London born and bred. Ed started DJing through a love of house and breaks in the mid 90s. Ed has appeared on stages and festivals across the UK supporting headline acts such as the Propellerheads, Plump DJs, DJ Yoda & Norman Jay.
Eds love of music passes from DJing into music video production and capturing portraits of his heros for publications in the international press such as NME, Mixmag and Vogue. He has achieved industry acclaim for his work on ephemeral radio shows such as ‘Friday Nite Flavas’ and the DMC championships.
Ed also has championed the rather unlikely works of artists like Ennio Morricone, Murray Gold and Hans Zimmer through his work as a key artist on productions for film and TV. His live sets are a fusion of genres with one solid bass line driving the dance floor. Always digging in crates to find obscure beats and rarities, never seen with a laptop he opts for a mixed bag of vinyl and CD’s, a self confessed technophobe, Ed is a more the fan of audio fidelity through analogue records and mixing technique than gadgetry and gizmos.
We asked Ed a few questions about his Djing career
HR: So what was the strangest gig you’ve ever played?
Ed: It’s an even win for some of the early So Solid gigs and an odd night spent with Tony Blackburn. If I was going to have to give one answer it would of had to of been witnessing the transformation of mild mannered Tony Blackburn backstage supping red wine and eating grapes to a crazy wild man dancing around a stage in-front of a crowd of students. Very strange night and a very pleasant man. I have a lot of respect for the guy, he’s been a great advocate of British music for decades although I would say leave the medallion at home – nearly had some poor girls eye out!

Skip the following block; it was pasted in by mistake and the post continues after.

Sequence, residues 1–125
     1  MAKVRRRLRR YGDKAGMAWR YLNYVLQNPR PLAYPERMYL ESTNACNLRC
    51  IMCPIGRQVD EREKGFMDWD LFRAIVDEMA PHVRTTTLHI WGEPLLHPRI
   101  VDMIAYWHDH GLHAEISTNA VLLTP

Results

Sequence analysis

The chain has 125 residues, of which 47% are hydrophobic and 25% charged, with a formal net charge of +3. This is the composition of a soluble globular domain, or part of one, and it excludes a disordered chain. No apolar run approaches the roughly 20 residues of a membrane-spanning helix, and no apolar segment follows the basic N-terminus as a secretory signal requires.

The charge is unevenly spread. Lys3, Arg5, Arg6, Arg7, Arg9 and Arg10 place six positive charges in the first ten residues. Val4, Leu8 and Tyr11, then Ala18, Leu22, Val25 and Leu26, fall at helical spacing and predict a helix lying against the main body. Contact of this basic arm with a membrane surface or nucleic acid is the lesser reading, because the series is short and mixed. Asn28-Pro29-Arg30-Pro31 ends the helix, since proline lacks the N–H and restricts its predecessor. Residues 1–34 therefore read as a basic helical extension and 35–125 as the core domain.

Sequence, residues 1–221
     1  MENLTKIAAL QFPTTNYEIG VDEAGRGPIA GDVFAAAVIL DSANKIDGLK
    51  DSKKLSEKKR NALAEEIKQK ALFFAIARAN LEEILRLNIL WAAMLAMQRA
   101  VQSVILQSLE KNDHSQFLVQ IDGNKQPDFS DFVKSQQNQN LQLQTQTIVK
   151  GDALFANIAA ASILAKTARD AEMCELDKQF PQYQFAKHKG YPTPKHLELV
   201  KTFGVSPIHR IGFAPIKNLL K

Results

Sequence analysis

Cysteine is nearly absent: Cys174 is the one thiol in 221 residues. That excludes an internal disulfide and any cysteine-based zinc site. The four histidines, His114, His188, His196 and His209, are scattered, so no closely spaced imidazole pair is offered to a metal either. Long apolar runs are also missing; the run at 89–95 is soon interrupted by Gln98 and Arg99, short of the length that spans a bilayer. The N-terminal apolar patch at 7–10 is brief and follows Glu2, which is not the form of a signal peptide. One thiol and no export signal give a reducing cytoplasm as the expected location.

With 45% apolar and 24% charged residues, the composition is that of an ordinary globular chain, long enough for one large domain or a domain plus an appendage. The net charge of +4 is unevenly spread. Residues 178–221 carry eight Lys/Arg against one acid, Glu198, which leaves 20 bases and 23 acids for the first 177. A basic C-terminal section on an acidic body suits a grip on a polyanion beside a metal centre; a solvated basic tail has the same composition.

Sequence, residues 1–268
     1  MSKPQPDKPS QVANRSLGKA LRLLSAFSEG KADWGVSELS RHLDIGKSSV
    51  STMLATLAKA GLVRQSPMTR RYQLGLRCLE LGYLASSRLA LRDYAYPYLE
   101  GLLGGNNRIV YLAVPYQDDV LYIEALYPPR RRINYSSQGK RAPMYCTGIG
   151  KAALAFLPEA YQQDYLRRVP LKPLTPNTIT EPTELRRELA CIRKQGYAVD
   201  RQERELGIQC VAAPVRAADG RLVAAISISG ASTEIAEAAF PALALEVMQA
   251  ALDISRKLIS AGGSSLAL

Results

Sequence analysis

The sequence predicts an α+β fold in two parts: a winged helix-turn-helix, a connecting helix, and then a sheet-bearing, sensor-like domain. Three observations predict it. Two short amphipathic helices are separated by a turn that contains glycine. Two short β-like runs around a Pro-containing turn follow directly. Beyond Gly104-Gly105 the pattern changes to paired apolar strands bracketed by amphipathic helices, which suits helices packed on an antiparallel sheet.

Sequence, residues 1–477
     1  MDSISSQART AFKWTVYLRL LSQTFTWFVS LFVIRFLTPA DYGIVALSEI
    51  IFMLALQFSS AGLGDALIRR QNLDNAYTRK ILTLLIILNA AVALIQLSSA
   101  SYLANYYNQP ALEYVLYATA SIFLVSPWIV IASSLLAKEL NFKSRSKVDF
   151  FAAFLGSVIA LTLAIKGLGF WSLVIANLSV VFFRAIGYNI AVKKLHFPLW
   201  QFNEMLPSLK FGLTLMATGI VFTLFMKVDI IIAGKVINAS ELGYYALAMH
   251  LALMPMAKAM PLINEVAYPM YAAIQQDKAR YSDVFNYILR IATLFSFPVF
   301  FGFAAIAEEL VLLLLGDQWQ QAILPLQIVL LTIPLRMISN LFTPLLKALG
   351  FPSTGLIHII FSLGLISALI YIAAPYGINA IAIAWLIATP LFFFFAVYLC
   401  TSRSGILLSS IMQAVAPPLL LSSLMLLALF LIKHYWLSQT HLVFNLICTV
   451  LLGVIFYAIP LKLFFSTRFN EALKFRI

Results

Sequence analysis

HR: Any odd song requests at gigs?
Ed: Only the usual really, “Oi bruv, got any old school…”. To which I reply “Punk or Rock?” faces usually look glazed then a rock a little Rat Pack and they go away.
HR: What can we expect to see you up to next?
Ed: I’m going into the studio working on a collaboration album doing my usual genre bashing. I think we’ve seen such huge changes in the music industry over the last 5 years or so and it’s time to look at things a little differently. It won’t be the usual 12 track hour long playlist. I don’t want to give too much away right now but it should twist a few minds and will be very experimental in places.
HR: What’s your all time favourite DJ ?
Ed: That is possibly the easiest thing anyone has ever asked me. John Peel without a doubt. Superb man, super DJ and all round nice bloke. He left us too soon.
Mex Blackgrass, Ray Hurley, Wrongtom (Hard-Fi), Cash Money, Cutmaster Swift, CJ Mackintosh, Nigel Benn, DJ Lottie, DJ 279, Tony Blackburn, Terry Francis, Pusherman.
Fabric, The Cross, Ministry.